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Aro Valley has a strong and nostalgic place in Wellington folklore, often as a great place for short-stay youthful hi-jinks. Melody Thomas visits a couple who came, stayed and grew.
Driving from Te Aro up the winding road towards Karori, you might have looked back towards the city and spotted a rambling two-storey house sitting high on the hill above Holloway Road. Surrounded on all sides by dense bush, the old house perches perilously, paint peeling and washing flapping from the second-floor balcony. Maybe, like me, you’ve wondered who on earth lives there, how they get their shopping up the hill, and whether that washing ever gets dry.
If you had time to look more closely, you might also have noticed two smaller houses just below the big one, similarly enmeshed in greenery. These three buildings come as a set, sharing a single address, and are colloquially identified by those who live there as Top House, North Cottage, and South Cottage. Over the years a roster of interesting, unusual, and sometimes down-and-out characters have lived in them and the tiered garden surrounding them have expanded and contracted accordingly. But for 40 years they have all orbited around one constant: Rebecca Hardie Boys.
You might recognise the name. Rebecca is the brain behind Hardie Boys Beverages. Actually, she’s the brawn too, spending her weekdays out at the factory in Wainuiomata brewing up effervescent treats including her natural ginger beer, or hauling great crates of bottled brews to 80 or so cafés all over Wellington.
But evenings and weekends find Hardie Boys at home on the Aro hillside with her partner, artist, cabinetmaker, film-maker and chief fixer-upperer George Rose, fermenting great ceramic jars of sauerkraut, knocking off one of the thousand jobs on the to do list, or getting wrist-deep in the earth alongside the others who make up this flourishing little community.
This part of Aro Valley was once known as Mitchelltown, and it was the first suburb established by settler Wellingtonians. The first cottages here, including the North and South Cottages, were built in the 1860s and 1870s. But by the 1970s many of them, at this point belonging to the Crown, had begun to succumb to rot, neglect and fire. An article from The Evening Post at the time described Holloway Road as “sagging stairways with most of the tread rotted away”, leading to “sagging, open doors and damp, musty rooms where glass from broken windows crunches underfoot.” In the late 70s the community began to reestablish itself, with people moving back into the dwellings and, eventually, beginning to negotiate the possibility of tenants purchasing houses from the Crown.
Rebecca first arrived here in 1982, on the run from the “claustrophobic” towns (Nelson and Palmerston North) where she’d spent her childhood and university years, “carrying a broken heart in my backpack”. A friend was living at Top House with her two young children, and offered Hardie Boys a bed for the weekend while she looked around for a flat. “I arrived in the middle of the night to an old empty house up a zigzag track. Not even sure it was the right place, I found a bed and crashed. The next morning – amazing! – I was five minutes from town but in the middle of the bush!”
Even though these houses are clearly visible from the opposite hillside, finding your way up to them is a complicated endeavour. I’ve come on a clear autumn Saturday morning, with an hour to chat before the households descend on the garden, as is their habit. As I’ve climbed up from the valley floor, the atmosphere has changed from dark and damp to warm and dry. A kākā freewheeling overhead shrieks its prehistoric cry, adding to the effect of stepping back in time. By the time I knock on the door of the North Cottage I’m fairly puffed, and just about recovered when Rebecca and George open the door and welcome me inside their home.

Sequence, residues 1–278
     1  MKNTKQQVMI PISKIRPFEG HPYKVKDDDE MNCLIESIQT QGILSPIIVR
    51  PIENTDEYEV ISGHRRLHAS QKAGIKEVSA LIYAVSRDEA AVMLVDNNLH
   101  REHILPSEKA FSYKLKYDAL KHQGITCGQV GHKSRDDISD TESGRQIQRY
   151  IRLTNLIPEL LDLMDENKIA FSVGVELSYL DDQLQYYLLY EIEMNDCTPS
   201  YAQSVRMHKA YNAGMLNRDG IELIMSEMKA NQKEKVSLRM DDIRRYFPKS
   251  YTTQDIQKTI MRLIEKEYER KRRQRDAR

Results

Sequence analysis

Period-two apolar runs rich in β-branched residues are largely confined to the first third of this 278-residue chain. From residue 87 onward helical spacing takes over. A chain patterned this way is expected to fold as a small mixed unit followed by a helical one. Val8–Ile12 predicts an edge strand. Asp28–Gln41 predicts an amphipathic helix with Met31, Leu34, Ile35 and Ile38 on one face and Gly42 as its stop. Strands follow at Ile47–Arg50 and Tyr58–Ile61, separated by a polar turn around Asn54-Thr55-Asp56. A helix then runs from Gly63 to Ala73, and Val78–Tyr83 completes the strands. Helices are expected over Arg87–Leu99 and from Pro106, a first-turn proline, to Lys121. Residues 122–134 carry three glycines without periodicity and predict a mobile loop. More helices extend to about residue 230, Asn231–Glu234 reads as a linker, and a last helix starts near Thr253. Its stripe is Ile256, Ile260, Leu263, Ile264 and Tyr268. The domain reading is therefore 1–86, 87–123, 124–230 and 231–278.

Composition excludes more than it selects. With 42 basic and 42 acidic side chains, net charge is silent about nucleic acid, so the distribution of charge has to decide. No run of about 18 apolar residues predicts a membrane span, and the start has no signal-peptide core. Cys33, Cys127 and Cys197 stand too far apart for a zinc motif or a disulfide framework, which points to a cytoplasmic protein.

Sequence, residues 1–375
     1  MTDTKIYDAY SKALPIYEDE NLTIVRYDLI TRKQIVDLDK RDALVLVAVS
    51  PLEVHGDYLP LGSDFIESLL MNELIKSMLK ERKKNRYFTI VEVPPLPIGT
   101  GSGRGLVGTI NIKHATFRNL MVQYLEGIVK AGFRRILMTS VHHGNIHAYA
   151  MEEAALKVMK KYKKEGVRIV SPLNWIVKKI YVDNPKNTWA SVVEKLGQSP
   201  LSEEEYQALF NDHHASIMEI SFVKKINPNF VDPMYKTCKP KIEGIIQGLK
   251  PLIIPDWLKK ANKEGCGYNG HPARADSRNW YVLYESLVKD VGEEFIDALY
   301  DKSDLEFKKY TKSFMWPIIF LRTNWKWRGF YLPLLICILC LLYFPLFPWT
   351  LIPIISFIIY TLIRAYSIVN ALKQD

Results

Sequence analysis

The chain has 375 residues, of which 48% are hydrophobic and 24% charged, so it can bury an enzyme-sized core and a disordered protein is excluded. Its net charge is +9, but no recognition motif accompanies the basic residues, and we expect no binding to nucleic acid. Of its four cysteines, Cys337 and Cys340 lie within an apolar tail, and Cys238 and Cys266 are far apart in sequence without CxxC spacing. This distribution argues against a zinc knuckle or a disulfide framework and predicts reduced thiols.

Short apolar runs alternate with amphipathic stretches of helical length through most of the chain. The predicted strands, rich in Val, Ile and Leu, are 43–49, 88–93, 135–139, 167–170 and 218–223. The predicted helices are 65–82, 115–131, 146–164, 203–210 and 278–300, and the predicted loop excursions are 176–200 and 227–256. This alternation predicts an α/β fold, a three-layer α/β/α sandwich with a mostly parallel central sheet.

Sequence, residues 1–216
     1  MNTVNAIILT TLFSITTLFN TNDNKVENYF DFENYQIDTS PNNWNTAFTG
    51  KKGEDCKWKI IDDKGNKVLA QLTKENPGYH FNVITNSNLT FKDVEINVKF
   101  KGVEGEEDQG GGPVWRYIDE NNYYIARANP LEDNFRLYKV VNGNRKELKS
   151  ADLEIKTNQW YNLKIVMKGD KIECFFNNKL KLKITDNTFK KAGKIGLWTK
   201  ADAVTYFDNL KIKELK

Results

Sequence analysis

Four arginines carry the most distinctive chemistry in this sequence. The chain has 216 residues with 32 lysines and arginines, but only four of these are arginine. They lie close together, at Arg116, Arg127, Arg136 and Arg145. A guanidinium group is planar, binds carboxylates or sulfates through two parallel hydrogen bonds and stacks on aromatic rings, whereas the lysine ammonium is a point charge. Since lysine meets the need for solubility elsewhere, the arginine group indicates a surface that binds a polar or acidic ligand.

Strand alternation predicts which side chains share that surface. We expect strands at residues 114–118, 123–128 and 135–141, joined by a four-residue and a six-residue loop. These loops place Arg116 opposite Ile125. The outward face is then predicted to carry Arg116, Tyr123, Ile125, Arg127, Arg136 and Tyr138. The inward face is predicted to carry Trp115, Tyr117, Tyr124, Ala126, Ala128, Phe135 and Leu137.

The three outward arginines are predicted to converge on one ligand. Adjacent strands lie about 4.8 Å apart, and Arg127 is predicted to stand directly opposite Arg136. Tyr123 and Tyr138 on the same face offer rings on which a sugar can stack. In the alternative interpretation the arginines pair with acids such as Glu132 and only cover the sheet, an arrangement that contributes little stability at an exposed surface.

North Cottage might be where Rebecca and George now rest their heads, but it was in Top House that they built their life together. They met in 1984, the details involving either a bad first impression and a boat (if you ask Rebecca) or the discovery of a long-haired beauty stoned and prostrate in a gutter (if you ask George). Eventually they got together, and in 1988 George moved into Top House. A year later their first child was born, their second following in 1992.
The rambling old house on the hill became a family home, with children joyously exploring a world without television: racing and yelling up and down the stairwell, making DIY radio shows on their tape player, and tracing the journeys of ants around the dining-room walls. “It was a wonderful place to bring a family up,” reminisces Rebecca.
The Holloway Road houses were still being sold off by the Crown, first being offered to original owners, then to long-term sitting tenants, and finally on the open market. But when it got to Top House, the process got stuck on title and access issues.
Rebecca and George found bringing up their kids in a home that might at any moment be ripped out from under them incredibly stressful.
“We were tied between wanting to make the house warmer and less grotty, but being reluctant to spend our own money on it or to ask for improvements in case we got booted out… and the girls grew up with the threat of ‘maybe we’ll get evicted’ breathing at their door,” says Rebecca.
An eviction notice was served, but in 2010, after the girls had grown up and moved out, Rebecca and George lawyered up. In 2012, they finally purchased the property, the title having been redrawn to include two “uninhabitable” workingmen’s cottages.
“But we had no money left,” says Rebecca, “So we had to rent out the only habitable house.”
Which meant moving themselves into the North Cottage, which was completely derelict.
“It had no sewers, no power, no electricity, no nothing. The floor had collapsed, we had an office chair that would just run across the floor on its own,” says George.
“This bathroom was underground,” says Rebecca. “And underwater!” adds George.
Now the couple can laugh about it, but this was an extremely difficult period, especially for Rebecca. George explains: “For her it was like ‘I’ve lost everything I’ve waited 25 years for, I’ve just moved into this horrible, unfixable hole’. Whereas I saw it like ‘Great we can do this place up!’ I thought it was a wonderful project.”